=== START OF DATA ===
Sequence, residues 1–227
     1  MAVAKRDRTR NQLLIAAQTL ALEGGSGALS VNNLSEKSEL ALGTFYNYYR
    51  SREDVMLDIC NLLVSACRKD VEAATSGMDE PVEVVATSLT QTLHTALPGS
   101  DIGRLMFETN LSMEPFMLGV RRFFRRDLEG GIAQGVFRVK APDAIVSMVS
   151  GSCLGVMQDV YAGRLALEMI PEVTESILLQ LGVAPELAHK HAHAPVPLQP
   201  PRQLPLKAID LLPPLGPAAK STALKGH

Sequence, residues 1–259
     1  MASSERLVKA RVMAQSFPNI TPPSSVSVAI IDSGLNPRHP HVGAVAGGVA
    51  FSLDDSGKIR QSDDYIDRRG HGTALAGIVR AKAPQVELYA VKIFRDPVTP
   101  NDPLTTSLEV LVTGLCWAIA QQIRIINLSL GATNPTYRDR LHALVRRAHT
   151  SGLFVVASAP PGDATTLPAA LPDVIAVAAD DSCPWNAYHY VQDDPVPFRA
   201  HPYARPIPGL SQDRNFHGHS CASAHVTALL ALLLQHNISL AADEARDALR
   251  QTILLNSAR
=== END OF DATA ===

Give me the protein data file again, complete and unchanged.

Sequence, residues 1–227
     1  MAVAKRDRTR NQLLIAAQTL ALEGGSGALS VNNLSEKSEL ALGTFYNYYR
    51  SREDVMLDIC NLLVSACRKD VEAATSGMDE PVEVVATSLT QTLHTALPGS
   101  DIGRLMFETN LSMEPFMLGV RRFFRRDLEG GIAQGVFRVK APDAIVSMVS
   151  GSCLGVMQDV YAGRLALEMI PEVTESILLQ LGVAPELAHK HAHAPVPLQP
   201  PRQLPLKAID LLPPLGPAAK STALKGH

Sequence, residues 1–259
     1  MASSERLVKA RVMAQSFPNI TPPSSVSVAI IDSGLNPRHP HVGAVAGGVA
    51  FSLDDSGKIR QSDDYIDRRG HGTALAGIVR AKAPQVELYA VKIFRDPVTP
   101  NDPLTTSLEV LVTGLCWAIA QQIRIINLSL GATNPTYRDR LHALVRRAHT
   151  SGLFVVASAP PGDATTLPAA LPDVIAVAAD DSCPWNAYHY VQDDPVPFRA
   201  HPYARPIPGL SQDRNFHGHS CASAHVTALL ALLLQHNISL AADEARDALR
   251  QTILLNSAR